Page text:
There’s no guarantee that the new Parliament that will be formed after the December 2012 election will be stable, because if you are going to pick on the little details of the law there’s are hundreds of ways you can dissolve the parliament. As it is you can see that many people are boycotting the elections, people are not participating, there’s no cooperation and so on.
Basically, people are politicizing the situations in the country. I am asking why people are falling into such darkness. I am trying to light a candle in this darkness.

Q: Are you trying to stop the election from taking place?
A: I am only trying to bring to the notice of the court my reasons to believe that the verdict to annul the results of last elections by the Constitutional Court was baseless. Whether the elections will take place or not depends on the verdict of the case.

Q: Can you give us a more elaborate background of the case?
A: The constitutional court dissolved the last parliament. That was a well-balanced strong parliament. The opposition was strong, which is a sign of healthy democracy.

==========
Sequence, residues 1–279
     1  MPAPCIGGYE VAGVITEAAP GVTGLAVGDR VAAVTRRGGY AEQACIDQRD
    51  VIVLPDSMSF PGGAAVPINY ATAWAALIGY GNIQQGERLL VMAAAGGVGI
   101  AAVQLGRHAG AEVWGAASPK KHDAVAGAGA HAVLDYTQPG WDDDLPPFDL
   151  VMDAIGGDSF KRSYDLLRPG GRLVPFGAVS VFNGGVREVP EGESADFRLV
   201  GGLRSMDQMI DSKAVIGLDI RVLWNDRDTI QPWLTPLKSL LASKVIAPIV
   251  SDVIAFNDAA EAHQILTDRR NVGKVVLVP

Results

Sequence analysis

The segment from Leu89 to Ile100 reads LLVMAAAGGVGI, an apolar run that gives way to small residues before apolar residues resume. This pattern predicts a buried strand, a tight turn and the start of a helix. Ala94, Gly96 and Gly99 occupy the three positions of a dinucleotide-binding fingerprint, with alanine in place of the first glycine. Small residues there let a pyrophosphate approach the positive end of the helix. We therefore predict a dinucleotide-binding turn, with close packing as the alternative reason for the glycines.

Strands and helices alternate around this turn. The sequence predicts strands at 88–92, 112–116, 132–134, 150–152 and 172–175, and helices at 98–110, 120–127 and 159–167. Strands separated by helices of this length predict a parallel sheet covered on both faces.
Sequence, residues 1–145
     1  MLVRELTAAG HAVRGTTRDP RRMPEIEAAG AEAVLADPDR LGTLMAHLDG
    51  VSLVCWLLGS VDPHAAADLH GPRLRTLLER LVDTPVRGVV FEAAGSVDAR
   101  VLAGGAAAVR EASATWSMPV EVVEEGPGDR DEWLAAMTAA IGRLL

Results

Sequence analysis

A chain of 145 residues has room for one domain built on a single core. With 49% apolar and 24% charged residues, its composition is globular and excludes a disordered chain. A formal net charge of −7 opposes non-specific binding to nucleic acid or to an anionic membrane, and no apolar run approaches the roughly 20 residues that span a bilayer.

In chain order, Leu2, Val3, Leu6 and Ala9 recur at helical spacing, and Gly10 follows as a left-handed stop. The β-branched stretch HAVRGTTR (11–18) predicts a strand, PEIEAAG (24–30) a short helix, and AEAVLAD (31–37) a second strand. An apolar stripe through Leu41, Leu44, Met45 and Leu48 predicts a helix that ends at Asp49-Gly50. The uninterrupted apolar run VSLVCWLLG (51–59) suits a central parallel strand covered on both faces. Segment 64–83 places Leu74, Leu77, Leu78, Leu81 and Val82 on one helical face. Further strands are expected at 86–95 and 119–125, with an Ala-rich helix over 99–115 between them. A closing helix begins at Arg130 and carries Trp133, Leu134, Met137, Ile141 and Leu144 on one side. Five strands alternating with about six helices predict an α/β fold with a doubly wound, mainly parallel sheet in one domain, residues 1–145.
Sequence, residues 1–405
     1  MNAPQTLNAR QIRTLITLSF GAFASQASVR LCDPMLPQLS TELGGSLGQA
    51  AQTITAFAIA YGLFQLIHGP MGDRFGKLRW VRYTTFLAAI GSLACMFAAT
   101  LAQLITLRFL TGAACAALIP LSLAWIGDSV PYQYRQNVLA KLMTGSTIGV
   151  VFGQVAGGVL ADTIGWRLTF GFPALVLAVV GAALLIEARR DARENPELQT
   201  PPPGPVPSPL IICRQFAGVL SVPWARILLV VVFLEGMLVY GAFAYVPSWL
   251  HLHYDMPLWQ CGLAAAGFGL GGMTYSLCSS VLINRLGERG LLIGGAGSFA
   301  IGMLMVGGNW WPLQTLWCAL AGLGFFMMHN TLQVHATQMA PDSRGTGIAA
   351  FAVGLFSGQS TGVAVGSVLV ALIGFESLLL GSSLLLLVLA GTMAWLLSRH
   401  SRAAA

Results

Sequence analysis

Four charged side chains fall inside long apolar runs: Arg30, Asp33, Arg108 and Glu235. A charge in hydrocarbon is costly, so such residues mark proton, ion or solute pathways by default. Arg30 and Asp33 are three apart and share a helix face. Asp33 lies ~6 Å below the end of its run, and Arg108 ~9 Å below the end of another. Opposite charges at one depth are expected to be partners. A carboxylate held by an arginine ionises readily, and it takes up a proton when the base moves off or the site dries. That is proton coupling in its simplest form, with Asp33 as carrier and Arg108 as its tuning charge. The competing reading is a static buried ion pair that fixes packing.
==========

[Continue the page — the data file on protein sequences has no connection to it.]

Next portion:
The instrument used to dissolve the parliament was not political, but juridical one. That’s why it’s important to correct this issue through the judiciary. There are legal problems in this judgment. The solution has to come from the court itself.
I am glad that I was able to reach this court directly, which is not possible usually. It’s the Constitutional Court and there are a whole lot of involved procedures to take a case to this court. There are only two ways to reach the Constitutional Court. One is through the Parliament, the other is when you have a case running in a lower court and that court refers your case to the Constitutional Court for reasons that are rare.